Having said that, when you -- when it is caught early, like with any cancer, it can be treatable. Ruth Bader Ginsburg had pancreatic cancer. She's still doing great. And so the fact that the surgeons and the doctors, the medical team around Harry Reid is saying, sort of similar for him, that they caught early is very good news.
KEILAR: And that's really the key.
I want to bring in our doctor Sanjay Gupta with us to talk about this.
That is -- when we have done stories on this in the past, it's staggering, because a lot of times, pancreatic cancer is caught so late that you're looking at a survival rate of 5 percent, I think it was, over five years the last time I did a story years ago on this. I mean, it's really a dim prospects a lot of times.
So what does that tell you when his doctors are saying that they're confident the prognosis is good because they caught this early through routine screening?
DR. SANJAY GUPTA, CNN SENIOR MEDICAL CORRESPONDENT: Well, that is the more unusual scenario.
But, as you point out, it can be very favorable, if in fact before this cancer really had a chance to spread to the surrounding areas, spread to other organs, it was caught. Sometimes, people who have some sort of genetic history of this sort of cancer may be undergoing screenings, if there was some other concern or they were looking for something else, and they happened to find this pancreatic cancer.
They're able to remove it before it is spread in this way. That can be a more favorable prognosis. But the reason it is often caught so late is because there really aren't any symptoms until the cancer has started to already spread. And that's when somebody may start to have back pain or some other symptoms.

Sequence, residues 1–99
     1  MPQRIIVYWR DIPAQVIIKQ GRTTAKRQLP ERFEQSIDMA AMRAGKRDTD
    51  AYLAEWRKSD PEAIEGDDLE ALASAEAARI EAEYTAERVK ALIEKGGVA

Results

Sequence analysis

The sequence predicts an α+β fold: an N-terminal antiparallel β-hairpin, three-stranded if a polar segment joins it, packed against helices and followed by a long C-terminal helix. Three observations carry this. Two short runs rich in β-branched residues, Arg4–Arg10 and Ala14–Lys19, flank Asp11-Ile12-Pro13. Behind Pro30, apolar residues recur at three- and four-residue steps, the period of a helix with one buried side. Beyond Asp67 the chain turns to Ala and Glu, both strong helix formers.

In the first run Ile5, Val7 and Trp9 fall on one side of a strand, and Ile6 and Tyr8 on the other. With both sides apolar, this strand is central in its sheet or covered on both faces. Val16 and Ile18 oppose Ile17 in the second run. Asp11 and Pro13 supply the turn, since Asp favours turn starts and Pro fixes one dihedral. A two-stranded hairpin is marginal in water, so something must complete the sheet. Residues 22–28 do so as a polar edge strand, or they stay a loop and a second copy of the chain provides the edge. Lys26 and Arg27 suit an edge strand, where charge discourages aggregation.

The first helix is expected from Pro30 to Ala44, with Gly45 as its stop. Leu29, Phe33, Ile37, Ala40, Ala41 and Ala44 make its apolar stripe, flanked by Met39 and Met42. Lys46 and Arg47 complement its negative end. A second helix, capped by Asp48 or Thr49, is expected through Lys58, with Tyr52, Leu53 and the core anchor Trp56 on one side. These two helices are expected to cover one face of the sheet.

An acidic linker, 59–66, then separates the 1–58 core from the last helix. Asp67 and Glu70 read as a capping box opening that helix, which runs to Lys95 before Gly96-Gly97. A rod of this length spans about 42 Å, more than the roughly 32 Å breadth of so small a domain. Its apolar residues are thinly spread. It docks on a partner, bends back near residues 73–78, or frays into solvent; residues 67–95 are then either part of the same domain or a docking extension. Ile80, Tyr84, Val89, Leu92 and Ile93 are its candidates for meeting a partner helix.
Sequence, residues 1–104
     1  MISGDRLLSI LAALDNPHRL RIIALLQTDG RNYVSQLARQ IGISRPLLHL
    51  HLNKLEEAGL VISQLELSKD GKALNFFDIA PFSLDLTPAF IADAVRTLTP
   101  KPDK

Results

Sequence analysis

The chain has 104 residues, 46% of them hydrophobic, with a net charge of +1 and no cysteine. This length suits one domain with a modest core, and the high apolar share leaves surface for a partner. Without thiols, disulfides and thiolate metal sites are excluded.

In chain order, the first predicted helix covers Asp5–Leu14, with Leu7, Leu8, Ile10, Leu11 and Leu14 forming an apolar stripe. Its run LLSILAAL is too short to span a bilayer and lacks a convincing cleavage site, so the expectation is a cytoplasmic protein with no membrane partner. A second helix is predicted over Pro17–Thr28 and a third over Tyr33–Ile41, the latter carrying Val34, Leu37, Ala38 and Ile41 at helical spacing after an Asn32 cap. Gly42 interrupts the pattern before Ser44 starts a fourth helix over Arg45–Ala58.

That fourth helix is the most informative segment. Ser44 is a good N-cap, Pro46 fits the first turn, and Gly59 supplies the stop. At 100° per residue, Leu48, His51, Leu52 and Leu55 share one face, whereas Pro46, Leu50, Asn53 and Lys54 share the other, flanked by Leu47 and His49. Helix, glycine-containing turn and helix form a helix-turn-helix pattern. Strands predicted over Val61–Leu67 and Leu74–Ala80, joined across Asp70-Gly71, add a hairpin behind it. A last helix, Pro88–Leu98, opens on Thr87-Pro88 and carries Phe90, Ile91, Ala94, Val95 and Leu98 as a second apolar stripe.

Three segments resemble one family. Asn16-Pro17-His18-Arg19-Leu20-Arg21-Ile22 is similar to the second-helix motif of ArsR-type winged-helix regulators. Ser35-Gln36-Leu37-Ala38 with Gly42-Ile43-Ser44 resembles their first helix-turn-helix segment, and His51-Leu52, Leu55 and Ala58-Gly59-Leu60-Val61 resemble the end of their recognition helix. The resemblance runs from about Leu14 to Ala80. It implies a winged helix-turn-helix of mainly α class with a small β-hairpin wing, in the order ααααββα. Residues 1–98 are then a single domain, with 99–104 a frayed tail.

They go to their doctor. Problem is, at that point, it is already pretty far along. So he's 78 years old. It's a big operation, no matter what, even if it's caught early. I'm sure he's going to be covering for a long time.
But if they're confident -- and I know this team at Hopkins pretty well -- if they're confident they got it all out, that should portend pretty favorably for him. KEILAR: All right, Sanjay and Dana, I'm going to have you stand by.
We have much more on this breaking news, the former Senate majority leader, Harry Reid, diagnosed and treated for pancreatic cancer.
His doctors are saying that his prognosis is good and that they caught this early. We will have more on this breaking news in a moment.
(BEGIN VIDEO CLIP)
SHAH: Obviously, this is part of a very complex relationship between the United States and China that involves economic issues, national security issues and the like.
And it's an issue of high concern for China that's been raised with the U.S., with the U.S. government and with our administration at various levels.
So, the president has asked Secretary Ross to look into it.
QUESTION: How does President Trump statement that too many Chinese jobs are at risk square with his campaign promises that China is stealing American jobs?
SHAH: Well, why I don't think this has frankly any bearing on the president's campaign promises.
But just look at the overall economic record, right? The president has overseen an economy in which we have the lowest unemployment rate since 2000, right? It's at 3.9 percent. Over two million jobs have been created since this president took office.
And on -- with respect to trade with China, he's been tough.
(END VIDEO CLIP)
KEILAR: All right, we do have some breaking news.